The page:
Using event-related fMRI to examine sustained attention processes and effects of APOE ε4 in young adults

In this study we investigated effects of the APOE ?4 allele (which confers an enhanced risk of poorer cognitive ageing, and Alzheimer?s Disease) on sustained attention (vigilance) performance in young adults using the Rapid Visual Information Processing (RVIP) task and event-related fMRI. Previous fMRI work with this task has used block designs: this study is the first to image an extended (6-minute) RVIP task. Participants were 26 carriers of the APOE ?4 allele, and 26 non carriers (aged 18?28). Pupil diameter was measured throughout, as an index of cognitive effort. We compared activity to RVIP task hits to hits on a control task (with similar visual parameters and response requirements but no working memory load): this contrast showed activity in medial frontal, inferior and superior parietal, temporal and visual cortices, consistent with previous work, demonstrating that meaningful neural data can be extracted from the RVIP task over an extended interval and using an event-related design. Behavioural performance was not affected by genotype; however, a genotype by condition (experimental task/control task) interaction on pupil diameter suggested that ?4 carriers deployed more effort to the experimental compared to the control task. fMRI results showed a condition by genotype interaction in the right hippocampal formation: only ?4 carriers showed downregulation of this region to experimental task hits versus control task hits. Experimental task beta values were correlated against hit rate: parietal correlations were seen in ?4 carriers only, frontal correlations in non-carriers only. The data indicate that, in the absence of behavioural differences, young adult ?4 carriers already show a different linkage between functional brain activity and behaviour, as well as aberrant hippocampal recruitment patterns. This may have relevance for genotype differences in cognitive ageing trajectories.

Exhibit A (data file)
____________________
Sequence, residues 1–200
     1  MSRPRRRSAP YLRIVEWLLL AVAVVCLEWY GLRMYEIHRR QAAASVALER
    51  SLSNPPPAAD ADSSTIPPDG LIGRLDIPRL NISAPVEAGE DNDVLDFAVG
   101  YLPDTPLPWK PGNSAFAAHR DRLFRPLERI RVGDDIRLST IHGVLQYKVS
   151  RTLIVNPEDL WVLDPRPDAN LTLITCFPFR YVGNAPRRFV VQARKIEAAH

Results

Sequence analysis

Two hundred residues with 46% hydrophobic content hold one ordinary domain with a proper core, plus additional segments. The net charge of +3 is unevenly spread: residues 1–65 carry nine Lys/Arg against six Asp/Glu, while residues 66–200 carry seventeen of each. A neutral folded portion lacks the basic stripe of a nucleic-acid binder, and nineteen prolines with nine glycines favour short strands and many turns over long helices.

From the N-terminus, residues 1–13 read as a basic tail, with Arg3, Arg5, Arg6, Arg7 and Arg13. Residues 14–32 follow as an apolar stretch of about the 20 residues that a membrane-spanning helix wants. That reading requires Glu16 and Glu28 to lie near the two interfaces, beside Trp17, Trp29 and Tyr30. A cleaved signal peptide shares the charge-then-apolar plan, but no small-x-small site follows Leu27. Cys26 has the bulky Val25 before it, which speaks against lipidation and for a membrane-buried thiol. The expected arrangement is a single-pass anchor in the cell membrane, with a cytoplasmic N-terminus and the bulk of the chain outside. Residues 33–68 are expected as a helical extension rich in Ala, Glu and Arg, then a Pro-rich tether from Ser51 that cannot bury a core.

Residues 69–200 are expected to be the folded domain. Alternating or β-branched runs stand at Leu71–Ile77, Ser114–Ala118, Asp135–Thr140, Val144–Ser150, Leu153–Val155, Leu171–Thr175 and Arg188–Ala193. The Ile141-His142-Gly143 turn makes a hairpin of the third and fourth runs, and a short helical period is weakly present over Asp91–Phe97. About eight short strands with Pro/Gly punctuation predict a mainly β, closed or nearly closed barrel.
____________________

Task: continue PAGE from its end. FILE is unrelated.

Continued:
http://journals.plos.org/plosone/article?id=10.1371/journal.pone.0198312

About Robert Zinn

Robert Zinn, M.D., Ph.D. is a medical doctor, physician, and web entrepreneur, who, for over 15 years was employed by academic and research institutions and focused his clinical practices on very specialized patient populations, such as those with rare genetic diseases or rare cancers. He shares his knowledge through his website, NutritionTheory.org

View all posts by Robert Zinn →